trace over [a space in 100 pieces], 2015
an interactive installation, ply wood and ink, 1.4m x 1.8m

In 27 December 1899, George Afentakis (coming from Kimolos island in Cyclades) let a testament of 100.000 gold drachmas for the construction and maintenance of an asylum for the poor, abandoned and shipwrecked elders. The Asylum for the Poor, later called Afentakeio, was designed in 1932 by the architect Georgios Dragasikis and the construction was complete in 1950. In 2013, after 63 consecutive years of operation and 114 years after Afentakis' testament, the board of Afentakeio legacy decided to suspend the operation of the nursing home in Kimolos, because of financial difficulties.

For the interactive installation titled trace over [a space in 100 pieces], the original 1932 Afentakeio nursing home floor plan by Georgios Dragasikis was enlarged and then broken down to 100 pieces. In August 2015, visitors and residents of Kimolos' village were invited to interact by tracing over the deconstructed parts of the terrace plan, on pieces of wood, using pens, pencils and carbon. A total of 100 people participated, capturing their different kinds of line-traces. Finally, the wooden puzzle was re-assembled by visitors and passers-by on the floor of the Watchman bar, in Kimolos.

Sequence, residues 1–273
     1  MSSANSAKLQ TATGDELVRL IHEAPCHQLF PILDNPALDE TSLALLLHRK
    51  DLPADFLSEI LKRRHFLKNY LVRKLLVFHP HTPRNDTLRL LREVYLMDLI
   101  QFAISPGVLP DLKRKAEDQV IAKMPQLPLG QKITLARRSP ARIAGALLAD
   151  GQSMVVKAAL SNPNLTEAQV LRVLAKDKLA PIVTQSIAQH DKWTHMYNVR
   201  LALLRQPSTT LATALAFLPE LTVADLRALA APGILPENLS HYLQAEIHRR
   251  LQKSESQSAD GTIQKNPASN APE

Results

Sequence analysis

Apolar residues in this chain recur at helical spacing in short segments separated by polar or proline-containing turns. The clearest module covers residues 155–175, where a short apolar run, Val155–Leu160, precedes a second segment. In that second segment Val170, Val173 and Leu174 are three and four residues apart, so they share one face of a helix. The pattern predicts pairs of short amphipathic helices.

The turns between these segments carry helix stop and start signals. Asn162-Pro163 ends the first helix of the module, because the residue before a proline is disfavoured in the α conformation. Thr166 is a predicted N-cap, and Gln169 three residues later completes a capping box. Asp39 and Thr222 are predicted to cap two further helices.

In the summer of 2016, the same, original floor plan turned into a white on white, cotton, handmade, collective embroidery, size 85 x 70cm. It was complete in three days by residents and artists working together around the village’s square and installed at the "Niko's balcony" tavern.

Starting points, 1 building, 3 sculptures and 1 documentary,
Art Walk, Terra Firma, both exhibitions organized and curated by Andriani Ventouri & Maria Gouveli, Kimolos island, Greece.,

Many thanks to the municipality of Kimolos island for the concession of the original floor plan as well as this project's participants and supporters!

Ιnk traces on the pieces of wood, detail, photos by Lea Petrou.

Assembling the puzzle, photos by Lea Petrou.

Documenting the tracing process around Kimolos village, photos by Lea Petrou.

Documenting the embroidery process, Kimolos village, photos by Lea Petrou

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